let and changes in satisfaction (a) depends on the baseline Despite contradictory findings regarding the impact of
satisfaction level and (b) differs by customer segment. age, studies in the industry under examination, banking (see

70 / Journal of Marketing, January 2007


Baumann, Burton, and Elliott 2005), suggest a positive ing brand loyalty. Sharir argues that both patterns are likely
impact. In addition, Lambert-Pandraud, Laurent, and Laper- to be relevant, but it is impossible to know a priori.
sonne (2005) apply four age-related theoretical perspectives However, by its very nature, increased wealth provides
to explain why age and loyalty should be positively associ- greater opportunities to obtain a greater variety of financial
ated: biological aging, cognitive decline, socioemotional products. Economic barriers affect the ability of lower-
selectivity, and change aversion. Applying this to the bank- income and moderate-income households to hold various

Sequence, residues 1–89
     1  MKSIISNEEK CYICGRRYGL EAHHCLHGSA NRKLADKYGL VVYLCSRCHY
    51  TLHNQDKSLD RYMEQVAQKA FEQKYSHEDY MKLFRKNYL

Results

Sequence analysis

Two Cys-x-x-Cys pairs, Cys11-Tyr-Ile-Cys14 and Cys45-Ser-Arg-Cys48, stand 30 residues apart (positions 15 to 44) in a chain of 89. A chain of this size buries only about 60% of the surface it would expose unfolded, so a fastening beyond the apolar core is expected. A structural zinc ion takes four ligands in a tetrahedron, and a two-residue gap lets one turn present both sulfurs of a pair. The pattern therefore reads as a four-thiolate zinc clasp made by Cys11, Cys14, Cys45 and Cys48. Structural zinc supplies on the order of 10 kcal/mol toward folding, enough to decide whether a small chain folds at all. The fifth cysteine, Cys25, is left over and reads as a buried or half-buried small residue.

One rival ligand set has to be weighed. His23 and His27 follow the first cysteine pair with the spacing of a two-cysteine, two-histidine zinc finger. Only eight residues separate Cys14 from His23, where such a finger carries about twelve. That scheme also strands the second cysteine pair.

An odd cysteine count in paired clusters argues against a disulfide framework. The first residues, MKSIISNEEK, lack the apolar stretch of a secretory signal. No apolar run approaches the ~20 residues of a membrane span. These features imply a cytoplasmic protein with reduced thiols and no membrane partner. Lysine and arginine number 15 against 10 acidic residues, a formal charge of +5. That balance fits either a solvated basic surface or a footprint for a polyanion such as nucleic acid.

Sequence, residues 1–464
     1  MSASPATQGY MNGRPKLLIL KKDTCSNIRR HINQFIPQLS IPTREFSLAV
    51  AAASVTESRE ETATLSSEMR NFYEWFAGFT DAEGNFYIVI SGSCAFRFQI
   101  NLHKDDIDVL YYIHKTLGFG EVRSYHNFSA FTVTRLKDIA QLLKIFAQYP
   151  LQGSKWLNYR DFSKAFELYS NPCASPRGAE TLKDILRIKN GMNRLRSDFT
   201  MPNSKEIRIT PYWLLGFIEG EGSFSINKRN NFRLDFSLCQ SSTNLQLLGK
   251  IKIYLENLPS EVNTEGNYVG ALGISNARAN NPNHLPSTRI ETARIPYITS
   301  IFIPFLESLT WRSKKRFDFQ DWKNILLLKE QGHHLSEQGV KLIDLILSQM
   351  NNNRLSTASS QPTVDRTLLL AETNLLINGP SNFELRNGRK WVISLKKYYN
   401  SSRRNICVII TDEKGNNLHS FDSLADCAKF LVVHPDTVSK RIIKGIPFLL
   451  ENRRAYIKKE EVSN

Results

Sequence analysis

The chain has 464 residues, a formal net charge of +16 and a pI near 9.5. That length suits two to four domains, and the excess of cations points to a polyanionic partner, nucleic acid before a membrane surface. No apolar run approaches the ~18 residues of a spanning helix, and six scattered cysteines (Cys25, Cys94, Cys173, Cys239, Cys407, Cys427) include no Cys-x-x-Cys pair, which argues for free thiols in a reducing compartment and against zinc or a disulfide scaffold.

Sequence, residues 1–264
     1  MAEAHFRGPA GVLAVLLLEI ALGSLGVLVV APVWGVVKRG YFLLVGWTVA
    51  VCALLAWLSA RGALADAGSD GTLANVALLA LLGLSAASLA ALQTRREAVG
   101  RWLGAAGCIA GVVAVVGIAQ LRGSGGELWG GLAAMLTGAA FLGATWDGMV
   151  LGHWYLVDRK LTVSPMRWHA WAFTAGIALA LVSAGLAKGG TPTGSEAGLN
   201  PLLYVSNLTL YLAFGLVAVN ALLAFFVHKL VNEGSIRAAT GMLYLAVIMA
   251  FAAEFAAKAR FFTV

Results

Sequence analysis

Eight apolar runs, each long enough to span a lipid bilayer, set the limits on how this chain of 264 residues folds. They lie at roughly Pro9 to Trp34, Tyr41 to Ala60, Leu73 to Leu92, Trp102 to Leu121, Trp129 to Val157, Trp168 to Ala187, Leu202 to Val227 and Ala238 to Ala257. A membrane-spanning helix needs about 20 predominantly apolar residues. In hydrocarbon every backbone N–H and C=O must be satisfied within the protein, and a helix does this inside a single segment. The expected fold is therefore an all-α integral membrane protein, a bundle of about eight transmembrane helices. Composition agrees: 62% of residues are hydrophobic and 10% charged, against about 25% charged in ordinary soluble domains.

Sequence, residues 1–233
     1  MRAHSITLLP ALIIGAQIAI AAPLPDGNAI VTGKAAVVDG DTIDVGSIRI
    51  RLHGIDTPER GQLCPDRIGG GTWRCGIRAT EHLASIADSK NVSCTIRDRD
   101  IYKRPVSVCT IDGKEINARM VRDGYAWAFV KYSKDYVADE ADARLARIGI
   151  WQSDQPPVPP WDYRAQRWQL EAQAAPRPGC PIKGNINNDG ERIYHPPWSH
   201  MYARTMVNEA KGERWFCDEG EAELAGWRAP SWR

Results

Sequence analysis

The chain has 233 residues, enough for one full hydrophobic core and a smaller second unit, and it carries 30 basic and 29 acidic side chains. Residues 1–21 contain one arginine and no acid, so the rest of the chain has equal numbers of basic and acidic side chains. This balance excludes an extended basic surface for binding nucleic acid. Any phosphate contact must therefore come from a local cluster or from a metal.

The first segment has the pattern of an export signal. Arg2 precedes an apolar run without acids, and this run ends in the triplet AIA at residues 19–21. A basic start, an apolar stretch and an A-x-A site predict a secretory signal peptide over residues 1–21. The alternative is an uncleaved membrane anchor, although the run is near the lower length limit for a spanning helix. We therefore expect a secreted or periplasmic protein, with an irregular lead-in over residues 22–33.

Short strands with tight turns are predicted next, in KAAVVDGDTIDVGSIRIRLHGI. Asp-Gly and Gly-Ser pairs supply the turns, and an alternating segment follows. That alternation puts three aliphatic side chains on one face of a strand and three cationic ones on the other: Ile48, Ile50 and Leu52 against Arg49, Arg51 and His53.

ing industry context, (1) biological aging suggests that financial products (Barr 2004). In addition, customers’
increasing physical impairment associated with age reduces financial needs change as affluence increases (Asher 2001).
the number of banks customers use; (2) cognitive decline Furthermore, several banking institutions compete primar-
suggests that because of the reduced ability to evaluate ily for high-income customers (Bielski 2004), whereas
complex options, older customers reduce their considera- retail banking services are designed to have appeal across
tion set (i.e., number of banking relationships); (3) socio- income levels.
emotional selectivity suggests that older customers place a Therefore, given that higher-income people have greater
greater emphasis on feelings and emotions, and therefore, opportunities for more diverse financial products, that there
in the case of retail banking, older customers should be is greater competition for their business, and that selection